# C# version of C++ shared_ptr

I need something akin to C++'s shared_ptr. Essentially I need an IDisposable item that I can ensure is cleaned up as soon as possible once all references have been removed, but this resource will be shared between many classes.

I don't allow passing in of a an already existing object as it's an easy way to know that the item I'm using isn't being hasn't already been disposed.

Unfortunately I can't think of a way to prevent the user of Item from disposing the underlying item, but as this is to go into my own program I'm not too concerned about that because it intuitively makes sense to not dispose something within a wrapper, provided every class that needs the item uses the wrapper and not just the contained item.

I simply want to know if anyone can see any potential issues with this solution besides what's mentioned.

public class SharedDisposable<T> : IDisposable where T : class, IDisposable {
static SharedDisposable(){
instances = new Dictionary<T, List<SharedDisposable<T>>>();
}

public SharedDisposable(SharedDisposable<T> share) {
Item = share.Item;
}
public SharedDisposable(object[] ctorArgs = null) {
if(ctorArgs == null)
ctorArgs = new object[] { };

var ctor = typeof(SharedDisposable<T>).GetConstructor(ctorArgs.Select(a => a.GetType()).ToArray());
Item = (T)ctor.Invoke(ctorArgs);
instances[Item] = new List<SharedDisposable<T>>() { this };
}
public SharedDisposable(KeyValuePair<Type, object>[] ctorArgs) {
var ctor = typeof(SharedDisposable<T>).GetConstructor(ctorArgs.Select(a => a.Key).ToArray());
Item = (T)ctor.Invoke(ctorArgs.Select(a => a.Value).ToArray());
instances[Item] = new List<SharedDisposable<T>>() { this };
}

public void Dispose() {
var instanceList = instances[Item];
instanceList.Remove(this);
if(instances.Count == 0) {
instances.Remove(Item);
Item.Dispose();
}
}

public T Item { get; }
static Dictionary<T, List<SharedDisposable<T>>> instances;
}

Example usage:

class MainForm : Form {
public MainForm(){
InitializeComponent();

Port = new SharedDisposable<SerialPort>("COM5", 9600);
}
public MainForm(SharedDisposable<SerialPort> share){
InitializeComponent();

if(share == null)
throw new ArgumentNullException(nameof(share))
Port = new SharedDisposable<SerialPort>(share);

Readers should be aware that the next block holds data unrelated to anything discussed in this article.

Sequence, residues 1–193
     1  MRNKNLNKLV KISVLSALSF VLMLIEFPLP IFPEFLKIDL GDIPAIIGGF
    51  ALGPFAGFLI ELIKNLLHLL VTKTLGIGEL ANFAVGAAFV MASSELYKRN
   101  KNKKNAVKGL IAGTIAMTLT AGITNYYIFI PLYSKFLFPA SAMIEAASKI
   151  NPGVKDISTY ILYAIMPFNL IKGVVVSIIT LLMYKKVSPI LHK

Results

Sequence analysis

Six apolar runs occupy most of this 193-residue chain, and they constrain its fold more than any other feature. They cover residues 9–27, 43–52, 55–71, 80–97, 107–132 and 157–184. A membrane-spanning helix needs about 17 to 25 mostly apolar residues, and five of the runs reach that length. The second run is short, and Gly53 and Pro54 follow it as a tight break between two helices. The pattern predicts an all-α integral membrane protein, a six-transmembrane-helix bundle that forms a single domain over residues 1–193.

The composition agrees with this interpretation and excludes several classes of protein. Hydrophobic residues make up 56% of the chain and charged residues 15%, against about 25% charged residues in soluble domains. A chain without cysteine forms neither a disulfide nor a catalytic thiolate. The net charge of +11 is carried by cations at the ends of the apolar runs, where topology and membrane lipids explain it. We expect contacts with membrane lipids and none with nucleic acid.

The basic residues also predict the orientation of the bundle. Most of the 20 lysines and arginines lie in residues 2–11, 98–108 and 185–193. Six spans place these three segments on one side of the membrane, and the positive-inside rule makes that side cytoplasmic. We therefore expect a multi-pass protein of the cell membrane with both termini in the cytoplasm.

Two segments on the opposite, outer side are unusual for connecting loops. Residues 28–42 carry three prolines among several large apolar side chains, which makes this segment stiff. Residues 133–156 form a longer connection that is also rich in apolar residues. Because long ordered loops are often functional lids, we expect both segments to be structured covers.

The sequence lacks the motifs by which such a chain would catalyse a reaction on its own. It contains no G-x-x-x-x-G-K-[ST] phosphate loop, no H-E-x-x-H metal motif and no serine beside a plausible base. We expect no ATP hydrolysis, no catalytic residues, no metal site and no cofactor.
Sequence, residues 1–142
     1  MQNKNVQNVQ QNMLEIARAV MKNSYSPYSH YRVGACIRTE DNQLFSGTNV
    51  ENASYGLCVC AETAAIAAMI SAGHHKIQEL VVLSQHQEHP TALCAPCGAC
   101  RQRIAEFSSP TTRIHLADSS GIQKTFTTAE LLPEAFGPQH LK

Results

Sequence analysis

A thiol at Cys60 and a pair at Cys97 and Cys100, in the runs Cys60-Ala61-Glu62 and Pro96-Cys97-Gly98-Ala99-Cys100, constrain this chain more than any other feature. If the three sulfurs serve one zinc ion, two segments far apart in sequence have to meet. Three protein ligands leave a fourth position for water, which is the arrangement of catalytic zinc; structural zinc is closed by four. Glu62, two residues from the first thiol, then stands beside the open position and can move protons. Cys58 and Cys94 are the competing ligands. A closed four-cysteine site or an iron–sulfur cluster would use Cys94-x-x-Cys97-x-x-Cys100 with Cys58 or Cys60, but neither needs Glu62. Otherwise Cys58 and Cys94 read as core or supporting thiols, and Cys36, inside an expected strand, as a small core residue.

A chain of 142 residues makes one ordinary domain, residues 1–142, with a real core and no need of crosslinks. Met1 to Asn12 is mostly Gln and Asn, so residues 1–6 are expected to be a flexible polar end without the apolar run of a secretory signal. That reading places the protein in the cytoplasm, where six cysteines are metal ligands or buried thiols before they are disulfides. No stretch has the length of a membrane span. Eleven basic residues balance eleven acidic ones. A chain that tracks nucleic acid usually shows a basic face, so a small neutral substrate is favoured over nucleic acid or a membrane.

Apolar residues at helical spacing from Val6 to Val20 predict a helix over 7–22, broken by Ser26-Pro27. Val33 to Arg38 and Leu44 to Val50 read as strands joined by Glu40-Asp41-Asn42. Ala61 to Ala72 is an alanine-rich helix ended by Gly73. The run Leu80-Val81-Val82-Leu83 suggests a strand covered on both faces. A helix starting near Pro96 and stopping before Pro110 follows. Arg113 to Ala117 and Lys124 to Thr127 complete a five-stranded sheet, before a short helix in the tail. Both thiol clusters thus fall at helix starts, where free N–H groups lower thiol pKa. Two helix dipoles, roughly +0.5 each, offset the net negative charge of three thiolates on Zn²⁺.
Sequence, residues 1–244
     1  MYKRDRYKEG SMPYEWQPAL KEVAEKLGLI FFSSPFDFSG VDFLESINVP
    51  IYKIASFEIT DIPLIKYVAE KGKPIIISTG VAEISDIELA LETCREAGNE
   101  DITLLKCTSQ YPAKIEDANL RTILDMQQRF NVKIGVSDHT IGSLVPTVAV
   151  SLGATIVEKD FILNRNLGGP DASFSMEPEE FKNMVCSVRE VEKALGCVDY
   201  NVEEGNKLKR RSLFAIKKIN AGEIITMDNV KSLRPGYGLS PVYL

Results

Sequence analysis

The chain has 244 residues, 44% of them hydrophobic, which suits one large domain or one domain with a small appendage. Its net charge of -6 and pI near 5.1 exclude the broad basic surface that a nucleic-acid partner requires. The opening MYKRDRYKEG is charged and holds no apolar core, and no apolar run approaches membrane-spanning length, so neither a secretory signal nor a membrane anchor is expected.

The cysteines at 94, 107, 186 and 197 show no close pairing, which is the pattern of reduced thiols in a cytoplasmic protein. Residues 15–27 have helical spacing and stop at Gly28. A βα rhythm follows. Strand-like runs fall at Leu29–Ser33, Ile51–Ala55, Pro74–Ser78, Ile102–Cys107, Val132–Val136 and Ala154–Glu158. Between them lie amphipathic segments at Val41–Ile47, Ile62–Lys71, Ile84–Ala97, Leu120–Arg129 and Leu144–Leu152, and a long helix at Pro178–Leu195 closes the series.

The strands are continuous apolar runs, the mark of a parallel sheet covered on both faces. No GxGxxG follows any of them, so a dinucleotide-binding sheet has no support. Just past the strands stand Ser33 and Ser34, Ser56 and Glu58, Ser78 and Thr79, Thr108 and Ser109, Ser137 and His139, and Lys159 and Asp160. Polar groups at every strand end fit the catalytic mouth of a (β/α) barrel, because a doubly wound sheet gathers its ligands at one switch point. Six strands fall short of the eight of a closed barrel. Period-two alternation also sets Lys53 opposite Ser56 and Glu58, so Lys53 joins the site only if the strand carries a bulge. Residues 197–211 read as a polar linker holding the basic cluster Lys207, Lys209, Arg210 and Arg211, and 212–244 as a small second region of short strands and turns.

}

public void BtnDevice1Info_Click(object sender, EventArgs e){
new Device1InfoForm(Port).Show();
}
public void BtnDevice2Info_Click(object sender, EventArgs e){
new Device2InfoForm(Port).Show();
}

override Dispose(bool disposing){
if(disposing){
Port.Dispose();
}
base.Dispose(disposing);
}

private SharedDisposable<SerialPort> Port { get; }
}

In my application I actually have a Modbus interface instead of serial port but I just realised the way the constructor is setup won't allow me to use the Modbus API because the Modbus API uses factories instead of constructors, so I'll need to adjust it for that. But that API should be able to queue messages to be sent out one at a time, preventing any conflicts on the serial port while also allowing multiple forms or even applications to use the same serial port. In order to make this happen I need multiple forms to be able to share a disposable resource, but none of them to clean it up unless they're the last holder of that resource.

• Could you add an example that shows how this is supposed to be used? – t3chb0t Jul 16 '18 at 15:36
• @t3chb0t Updated to include usage example. Here it would be possible to close MainForm and have the other forms remain open with access to the resource. – TheBeardedQuack Jul 16 '18 at 16:15
• I'm not sure about it... maybe it'll work for other forms but not for the MainForm. Closing it exits the application. – t3chb0t Jul 16 '18 at 18:07
• @t3chb0t: Depends on the main loop. Application.Run(new MainForm()) will exit once the MainForm gets closed. Application.Run() or a manual loop with Application.DoEvents() can keep running even when the MainForm gets closed. – hoffmale Jul 17 '18 at 10:36

The current solution isn't thread safe, as access to instances isn't synchronized. Maybe use a lock or a thread-safe dictionary class instead?

In C++, std::shared_ptr ensures that updates to the control block ("ref count") are thread safe (atomic). This means creating copies or destroying an instance of a std::shared_ptr doesn't corrupt the control block, i.e. can safely be made in a concurrent environment.

# Memory usage

It isn't really necessay to store a List<SharedDisposable<T>> in instances: A simple counter would be enough. This reduces the memory footprint by quite a lot.

# Design

Is instances as a static field really necessary? There are other design possibilities that don't have to rely on a static field, and are more extensible if you later realize that you need a std::weak_ptr equivalent.

For example, the counter (and surrounding logic) could be kept inside a ControlBlock (to use the C++ standardese name) class. Then, an instance of ControlBlock gets created with the first SharedDisposable reference, and every subsequent copy gets a reference to it. No need to manage pseudo-global state!

However, this would eliminate the (easy) possibility of iterating over all SharedDisposable<T> for a given T.